SpatialMaterial is a default 3D material that aims to provide most of the features
artists look for in a material, without the need for writing shader code. However,
it can be converted to shader code if additional functionality is needed.
This tutorial explains most parameters present in
You can add a
SpatialMaterial to an object by choosing “New SpatialMaterial”
in the Material property of the Inspector.
Spatial materials have many flags determining the general usage of a material.
In Godot, materials are not transparent unless specifically configured to be. The main reason behind this is that transparent materials are rendered using a different technique (sorted from back to front and rendered in order).
This technique is less efficient (many state changes happen) and makes the materials unusable with many mid- and post-processing effects (such as SSAO, SSR, etc.) that require perfectly opaque geometry.
For this reason, materials in Godot are assumed opaque unless specified otherwise. The main settings that enable transparency are:
- Transparent flag (this one)
- Blend mode set to other than “Mix”
- Enabling distance or proximity fade
In most cases it is common for materials to be affected by lighting (shaded).
However, in some cases you might want to show just the albedo (color) and ignore the rest. Toggling this flag on will remove all shading and display pure, unlit color.
Godot has a more or less uniform cost per pixel thanks to depth pre-pass. All lighting calculations are made by running the lighting shader on every pixel.
As these calculations are costly, performance can be brought down considerably in some corner cases such as drawing several layers of transparency (which is common in particle systems). Switching to per-vertex lighting may help in these cases.
Additionally, on low-end or mobile devices, switching to vertex lighting can considerably increase rendering performance.
Keep in mind that when vertex lighting is enabled, only directional lighting can produce shadows (for performance reasons).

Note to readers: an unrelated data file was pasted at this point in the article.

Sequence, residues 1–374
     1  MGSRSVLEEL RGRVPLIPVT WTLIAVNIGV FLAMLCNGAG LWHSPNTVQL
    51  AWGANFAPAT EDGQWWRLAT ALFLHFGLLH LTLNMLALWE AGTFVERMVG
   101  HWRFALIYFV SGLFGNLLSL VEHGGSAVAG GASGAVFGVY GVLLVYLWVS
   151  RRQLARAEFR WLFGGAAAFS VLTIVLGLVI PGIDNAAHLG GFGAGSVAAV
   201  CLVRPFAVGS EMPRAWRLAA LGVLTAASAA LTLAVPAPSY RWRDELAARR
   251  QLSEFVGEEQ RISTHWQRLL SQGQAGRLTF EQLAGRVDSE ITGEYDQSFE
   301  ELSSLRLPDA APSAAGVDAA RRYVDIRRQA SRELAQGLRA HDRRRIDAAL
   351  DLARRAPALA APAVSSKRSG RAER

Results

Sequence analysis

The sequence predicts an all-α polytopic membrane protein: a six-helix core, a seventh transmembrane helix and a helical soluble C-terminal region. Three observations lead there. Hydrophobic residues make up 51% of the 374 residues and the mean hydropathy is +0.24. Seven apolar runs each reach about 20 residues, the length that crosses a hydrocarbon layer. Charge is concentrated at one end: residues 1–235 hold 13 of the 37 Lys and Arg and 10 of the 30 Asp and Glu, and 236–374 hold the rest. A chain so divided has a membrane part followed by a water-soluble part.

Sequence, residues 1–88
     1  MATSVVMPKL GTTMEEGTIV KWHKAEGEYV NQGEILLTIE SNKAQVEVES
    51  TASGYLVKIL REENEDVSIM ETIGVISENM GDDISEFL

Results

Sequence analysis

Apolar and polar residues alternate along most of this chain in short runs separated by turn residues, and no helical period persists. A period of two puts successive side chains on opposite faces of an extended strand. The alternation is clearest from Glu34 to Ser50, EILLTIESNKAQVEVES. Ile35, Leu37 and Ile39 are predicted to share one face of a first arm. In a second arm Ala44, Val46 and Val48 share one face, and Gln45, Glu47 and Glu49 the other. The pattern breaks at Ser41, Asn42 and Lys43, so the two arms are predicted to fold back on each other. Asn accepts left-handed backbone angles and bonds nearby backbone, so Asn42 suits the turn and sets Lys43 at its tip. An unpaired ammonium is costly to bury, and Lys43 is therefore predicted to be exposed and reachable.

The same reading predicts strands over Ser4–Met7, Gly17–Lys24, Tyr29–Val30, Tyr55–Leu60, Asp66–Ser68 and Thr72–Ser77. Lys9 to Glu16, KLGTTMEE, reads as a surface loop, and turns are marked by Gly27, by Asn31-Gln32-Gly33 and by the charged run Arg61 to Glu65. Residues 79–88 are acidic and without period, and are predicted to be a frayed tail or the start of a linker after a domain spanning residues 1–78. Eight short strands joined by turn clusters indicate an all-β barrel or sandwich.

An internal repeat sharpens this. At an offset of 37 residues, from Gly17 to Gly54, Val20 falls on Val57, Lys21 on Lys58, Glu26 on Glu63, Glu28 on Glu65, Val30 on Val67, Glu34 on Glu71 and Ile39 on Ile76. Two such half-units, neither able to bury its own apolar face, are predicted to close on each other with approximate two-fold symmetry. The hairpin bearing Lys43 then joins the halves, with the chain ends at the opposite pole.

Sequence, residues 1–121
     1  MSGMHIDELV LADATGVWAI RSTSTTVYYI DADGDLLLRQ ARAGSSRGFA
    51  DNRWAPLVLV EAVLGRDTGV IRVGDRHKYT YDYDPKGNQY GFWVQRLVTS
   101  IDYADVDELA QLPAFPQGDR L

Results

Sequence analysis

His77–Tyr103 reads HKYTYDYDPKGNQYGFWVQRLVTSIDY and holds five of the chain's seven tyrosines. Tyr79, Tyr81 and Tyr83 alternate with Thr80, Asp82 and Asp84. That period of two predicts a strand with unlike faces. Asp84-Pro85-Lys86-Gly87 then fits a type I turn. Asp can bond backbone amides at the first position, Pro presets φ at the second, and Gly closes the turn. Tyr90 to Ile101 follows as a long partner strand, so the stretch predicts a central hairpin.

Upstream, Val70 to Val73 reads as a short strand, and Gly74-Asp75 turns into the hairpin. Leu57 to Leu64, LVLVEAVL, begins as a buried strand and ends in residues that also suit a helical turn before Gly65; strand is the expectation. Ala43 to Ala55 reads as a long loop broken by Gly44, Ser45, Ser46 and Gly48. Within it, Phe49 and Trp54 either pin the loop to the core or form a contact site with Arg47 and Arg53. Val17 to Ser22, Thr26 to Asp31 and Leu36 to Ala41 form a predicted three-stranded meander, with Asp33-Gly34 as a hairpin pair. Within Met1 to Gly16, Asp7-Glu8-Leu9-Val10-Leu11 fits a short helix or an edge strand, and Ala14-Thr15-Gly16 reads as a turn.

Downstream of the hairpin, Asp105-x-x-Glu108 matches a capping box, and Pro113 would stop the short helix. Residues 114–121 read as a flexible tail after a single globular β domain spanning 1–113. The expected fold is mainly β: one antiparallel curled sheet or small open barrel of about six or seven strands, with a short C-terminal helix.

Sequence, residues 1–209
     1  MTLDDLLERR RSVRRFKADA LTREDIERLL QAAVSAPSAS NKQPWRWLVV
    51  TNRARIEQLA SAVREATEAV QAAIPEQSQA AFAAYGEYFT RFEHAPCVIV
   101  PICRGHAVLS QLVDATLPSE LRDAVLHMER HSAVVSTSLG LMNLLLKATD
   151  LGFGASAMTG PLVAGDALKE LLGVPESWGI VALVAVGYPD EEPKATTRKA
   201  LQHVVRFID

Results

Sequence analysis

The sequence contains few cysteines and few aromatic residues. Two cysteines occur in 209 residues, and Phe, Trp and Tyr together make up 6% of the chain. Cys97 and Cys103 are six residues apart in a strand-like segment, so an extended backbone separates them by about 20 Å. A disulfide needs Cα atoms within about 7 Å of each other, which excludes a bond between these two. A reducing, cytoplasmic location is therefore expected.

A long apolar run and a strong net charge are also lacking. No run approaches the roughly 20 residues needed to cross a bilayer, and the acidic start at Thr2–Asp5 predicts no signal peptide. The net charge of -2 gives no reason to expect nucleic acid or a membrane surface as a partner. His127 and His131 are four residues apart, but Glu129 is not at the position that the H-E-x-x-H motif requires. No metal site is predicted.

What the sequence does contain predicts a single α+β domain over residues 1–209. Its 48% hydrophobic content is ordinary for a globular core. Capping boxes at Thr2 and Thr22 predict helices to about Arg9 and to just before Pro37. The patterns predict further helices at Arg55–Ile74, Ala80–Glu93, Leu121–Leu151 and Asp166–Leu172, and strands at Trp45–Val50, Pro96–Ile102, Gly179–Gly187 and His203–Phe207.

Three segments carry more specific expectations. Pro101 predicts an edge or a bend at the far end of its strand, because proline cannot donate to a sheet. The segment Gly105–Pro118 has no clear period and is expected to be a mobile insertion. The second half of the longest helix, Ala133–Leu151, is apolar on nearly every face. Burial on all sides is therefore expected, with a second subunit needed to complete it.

No Depth Test¶
In order for close objects to appear over far away objects, depth testing is performed. Disabling it has the result of objects appearing over (or under) everything else.
Disabling this makes the most sense for drawing indicators in world space, and works very well with the Render Priority property of Material (see the bottom of this page).
Use Point Size¶
This option is only effective when the geometry rendered is made of points (generally it’s made of triangles when imported from 3D DCCs). If so, then those points can be resized (see below).
When using triplanar mapping (see below, in the UV1 and UV2 settings), triplanar is computed in object local space. This option makes triplanar work in world space.
This causes the object to be rendered at the same size no matter the distance. This is useful mostly for indicators (no depth test and high render priority) and some types of billboards.
Do Not Receive Shadows¶
Makes the object not receive any kind of shadow that would otherwise be cast onto it.
Disable Ambient Light¶
Makes the object not receive any kind of ambient lighting that would otherwise light it.
This setting allows choosing what is done by default to vertex colors that come from your 3D modelling application. By default they are ignored.
Use as Albedo¶
Choosing this option means vertex color is used as albedo color.
Most 3D DCCs will likely export vertex colors as sRGB, so toggling this option on will help them look correct.
SpatialMaterial also has several configurable parameters to tweak
many aspects of the rendering:
Specifies the algorithm used by diffuse scattering of light when hitting the object. The default is Burley. Other modes are also available:
- Burley: Default mode, the original Disney Principled PBS diffuse algorithm.
- Lambert: Is not affected by roughness.
- Lambert Wrap: Extends Lambert to cover more than 90 degrees when roughness increases. Works great for hair and simulating cheap subsurface scattering. This implementation is energy conserving.
- Oren Nayar: This implementation aims to take microsurfacing into account (via roughness). Works well for clay-like materials and some types of cloth.
- Toon: Provides a hard cut for lighting, with smoothing affected by roughness. It is recommended you disable sky contribution from your environment’s ambient light settings or disable ambient light in the spatial material to achieve a better effect.